This intriguing exhibition introduces the compelling work of  Andreas Gursky to a wider audience, the photographer’s considerable talent is in evidence in the wide range of works on display. Many of the photographs have an abstract beauty before you look closer and see the reality of many of the man- made patterns in their different shapes and forms. 

The Andreas Gursky exhibition marks the beginning of the Hayward Gallery’s 50th anniversary year and is the first exhibition to take place in the Gallery following its refurbishment. For the first time ever, the gallery’s pyramid roof lights allow natural light into the spaces below.

Video Review available here

Andreas Gursky runs from 25 January – 22 April 2018 at the Hayward Gallery.

Opening times: Monday, Wednesday, Friday, Saturday & Sunday 11-6pm, Tues Closed, Thursday 11-8pm

Prices: £16.00 – £7.25. Members go free

Visiting London Guide Rating – Highly Recommended 

For more information , visit the Southbank Centre website here

London Visitors is the official blog for the Visiting London Guide .com website. The website was developed to bring practical advice and latest up to date news and reviews of events in London.
Since our launch in January 2014, we have attracted thousands of readers each month, the site is constantly updated.
We have sections on Museums and Art Galleries, Transport, Food and Drink, Places to Stay, Security, Music, Sport, Books and many more.
There are also hundreds of links to interesting articles on our blog.
To find out more visit the website
here

Exhibition Review – Charles I: King and Collector at the Royal Academy from 27th January to 15th April 2018

The Royal Academy presents a new exhibition entitled Charles I: King and Collector which reunites some of the greatest masterpieces of the king’s collection for the first time. The exhibition features over 100 works of art including classical sculptures, Baroque paintings, remarkable miniatures and monumental tapestries.

The theme of the exhibition is how the political turmoil in 17th-century Europe provided opportunities to collect masterpieces from private collections and Charles I in particular, built his art collection by using these methods.  

The exhibition explores how the  king’s collection was used to illustrate a monarch’s power, his authority and good taste in the arts. Many of the great powers of Europe had built up great collections of art and had commissioned some of the great artists of the period to work for them. It was not just the competition from abroad that inspired the king to build up his collection, he was surrounded by aristocrats in his court most notably his friend, the Duke of Buckingham who were building their own collections.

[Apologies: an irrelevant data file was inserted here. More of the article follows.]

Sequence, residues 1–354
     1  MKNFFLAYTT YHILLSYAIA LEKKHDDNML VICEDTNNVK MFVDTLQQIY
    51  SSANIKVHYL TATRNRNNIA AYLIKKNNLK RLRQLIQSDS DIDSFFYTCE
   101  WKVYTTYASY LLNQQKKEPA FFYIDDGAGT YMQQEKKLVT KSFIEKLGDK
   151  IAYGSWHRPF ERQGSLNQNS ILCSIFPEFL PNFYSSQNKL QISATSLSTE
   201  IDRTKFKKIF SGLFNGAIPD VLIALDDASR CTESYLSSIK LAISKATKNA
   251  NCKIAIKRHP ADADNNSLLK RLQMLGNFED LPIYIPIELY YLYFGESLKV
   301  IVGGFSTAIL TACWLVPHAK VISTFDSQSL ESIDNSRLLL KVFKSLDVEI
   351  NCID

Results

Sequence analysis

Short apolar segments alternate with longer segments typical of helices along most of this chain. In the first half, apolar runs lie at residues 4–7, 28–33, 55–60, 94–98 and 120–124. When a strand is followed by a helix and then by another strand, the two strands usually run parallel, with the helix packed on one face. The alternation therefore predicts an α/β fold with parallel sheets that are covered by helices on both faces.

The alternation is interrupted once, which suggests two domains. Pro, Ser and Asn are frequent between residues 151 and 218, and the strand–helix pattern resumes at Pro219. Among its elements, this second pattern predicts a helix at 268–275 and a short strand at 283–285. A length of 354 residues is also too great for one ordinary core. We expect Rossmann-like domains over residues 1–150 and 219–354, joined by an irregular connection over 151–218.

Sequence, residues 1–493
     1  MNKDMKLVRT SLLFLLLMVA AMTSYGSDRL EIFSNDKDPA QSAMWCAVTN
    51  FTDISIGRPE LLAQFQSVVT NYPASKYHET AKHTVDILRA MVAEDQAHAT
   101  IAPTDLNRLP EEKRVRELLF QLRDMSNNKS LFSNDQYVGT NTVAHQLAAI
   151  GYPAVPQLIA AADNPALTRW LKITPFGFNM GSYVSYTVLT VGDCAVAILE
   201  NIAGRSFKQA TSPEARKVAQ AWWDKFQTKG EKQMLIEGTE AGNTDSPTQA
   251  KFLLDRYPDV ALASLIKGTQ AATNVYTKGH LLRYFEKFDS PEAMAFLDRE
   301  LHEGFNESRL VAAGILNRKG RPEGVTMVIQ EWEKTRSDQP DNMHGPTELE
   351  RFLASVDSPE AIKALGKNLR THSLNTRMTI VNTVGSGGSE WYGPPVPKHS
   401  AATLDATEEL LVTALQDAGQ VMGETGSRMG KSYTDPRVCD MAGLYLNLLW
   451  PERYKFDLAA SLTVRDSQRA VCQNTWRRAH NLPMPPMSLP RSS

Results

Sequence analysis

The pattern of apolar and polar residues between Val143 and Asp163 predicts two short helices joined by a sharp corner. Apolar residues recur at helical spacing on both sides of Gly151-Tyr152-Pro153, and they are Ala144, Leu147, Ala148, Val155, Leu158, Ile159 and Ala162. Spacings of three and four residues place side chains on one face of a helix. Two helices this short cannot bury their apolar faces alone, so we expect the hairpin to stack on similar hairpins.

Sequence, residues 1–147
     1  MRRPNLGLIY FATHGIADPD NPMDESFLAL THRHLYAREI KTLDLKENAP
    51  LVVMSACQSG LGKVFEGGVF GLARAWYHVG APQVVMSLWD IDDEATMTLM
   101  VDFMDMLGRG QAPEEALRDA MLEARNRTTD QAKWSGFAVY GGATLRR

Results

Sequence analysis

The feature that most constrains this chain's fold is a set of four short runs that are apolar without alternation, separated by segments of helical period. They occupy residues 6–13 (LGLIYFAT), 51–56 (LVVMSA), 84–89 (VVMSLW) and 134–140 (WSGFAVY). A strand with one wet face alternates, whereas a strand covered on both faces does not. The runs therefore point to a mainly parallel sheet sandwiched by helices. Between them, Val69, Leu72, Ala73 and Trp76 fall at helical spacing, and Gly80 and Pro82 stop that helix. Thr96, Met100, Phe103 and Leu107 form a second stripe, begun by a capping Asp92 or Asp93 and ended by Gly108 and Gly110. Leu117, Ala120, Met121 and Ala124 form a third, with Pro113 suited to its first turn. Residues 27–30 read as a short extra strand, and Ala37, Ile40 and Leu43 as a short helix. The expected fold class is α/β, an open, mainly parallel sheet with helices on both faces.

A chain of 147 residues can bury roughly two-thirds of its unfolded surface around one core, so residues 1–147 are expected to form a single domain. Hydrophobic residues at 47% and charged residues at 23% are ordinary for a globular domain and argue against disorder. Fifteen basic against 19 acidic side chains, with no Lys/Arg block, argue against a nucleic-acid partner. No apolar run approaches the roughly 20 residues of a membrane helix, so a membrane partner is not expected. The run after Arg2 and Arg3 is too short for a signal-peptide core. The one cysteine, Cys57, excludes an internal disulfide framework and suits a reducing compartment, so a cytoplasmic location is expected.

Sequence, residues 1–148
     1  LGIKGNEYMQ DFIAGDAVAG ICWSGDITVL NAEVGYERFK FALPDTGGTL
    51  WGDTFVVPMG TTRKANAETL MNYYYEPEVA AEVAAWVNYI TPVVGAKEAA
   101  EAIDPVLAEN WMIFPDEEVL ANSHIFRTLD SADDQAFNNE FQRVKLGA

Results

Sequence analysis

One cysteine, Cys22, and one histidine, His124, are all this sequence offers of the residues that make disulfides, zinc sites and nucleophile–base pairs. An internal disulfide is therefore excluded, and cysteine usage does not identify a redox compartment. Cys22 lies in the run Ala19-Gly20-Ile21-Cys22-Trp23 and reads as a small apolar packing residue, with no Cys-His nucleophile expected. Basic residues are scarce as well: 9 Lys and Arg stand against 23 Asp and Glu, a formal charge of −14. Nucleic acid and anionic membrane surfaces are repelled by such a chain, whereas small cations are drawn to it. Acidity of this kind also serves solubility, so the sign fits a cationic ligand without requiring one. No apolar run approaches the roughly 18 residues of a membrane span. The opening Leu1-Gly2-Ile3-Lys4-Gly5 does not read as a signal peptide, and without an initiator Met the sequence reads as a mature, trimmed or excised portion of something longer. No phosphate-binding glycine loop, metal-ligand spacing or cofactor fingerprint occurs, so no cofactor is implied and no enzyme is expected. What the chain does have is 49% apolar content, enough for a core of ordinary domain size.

When Charles reached nineteen, he inherited Queen Anne’s art collection when she died in 1619. He then travelled to Spain with the Duke of Buckingham and began to explore some of the great European collections. Titian in particular was a favourite as were many of the Italian masters and he returned to England with a number of works including paintings by Titian, Correggio and Veronese.

The exhibition features Titian’s The Supper at Emmaus and Veronese’s Mars, Venus and Cupid. 

When Charles became King in 1625, he sent Nicolas Lanier to buy paintings in Italy, whilst in Venice, Lanier was told that one of the great collections in Europe may be for sale. The Gonzaga’s in Mantua had fallen on hard times and in 1628 they were persuaded to sell their famous collection. The Gonzaga hoard included classical and modern sculptures, paintings by Titian, Correggio and Jan van Eyck. It also included the nine large canvases of Mantegna’s Triumph of Caesar (c.1484-92), with its scenes of elephants and trumpeters, chariots and crowds. The canvases are included in the exhibition and are featured in a dedicated gallery of their own.

Equally monumental are the Mortlake tapestries of Raphael’s Act of the Apostles which are considered some of the most spectacular tapestries ever produced in England.

The spectacular Gonzaga purchase made Charles’ reputation as a serious collector, however his vast expense on art was not so popular at home and his great friend, the Duke of Buckingham was assassinated in 1628.  Charles carried on building his collection and began to commission paintings and portraits from famous artists Peter Paul Rubens and Anthony van Dyck. One of the highlights of the exhibition is the monumental portraits of the king and his family.

In all, Van Dyck painted about 40 portraits of Charles, his triple portrait of the King was sent to Rome for Bernini to model his bust. Van Dyck use of horses made the rather small king seem tall and heroic.

In the exhibition is a room dedicated to the Cabinet Room in Whitehall Palace, this was the king’s inner sanctum which housed smaller items such as bas-reliefs, miniatures, books, engravings, drawings, medals and precious objects.

It is with some irony that considering Charles’ collection was amassed by taking advantage of political turmoil in Europe that it would be dispersed by similar events much closer to home. The fall of Charles in the English Civil War led to the collection being used to repay royal debts, many of the works being sold to European courts.

This fascinating and remarkable exhibition illustrates how art was used in the 17th century for the self-aggrandisement of monarchs and leaders. Charles I was not the first and will not be the last leader to learn the lesson that using the nation’s wealth to finance your own vanity projects usually ends in disaster. 

The exhibition launches the Royal Academy  250th celebrations and runs in parallel with Charles II: Art and Power at the Queens Gallery. 

Video Review available here

Visiting London Guide Rating – Highly Recommended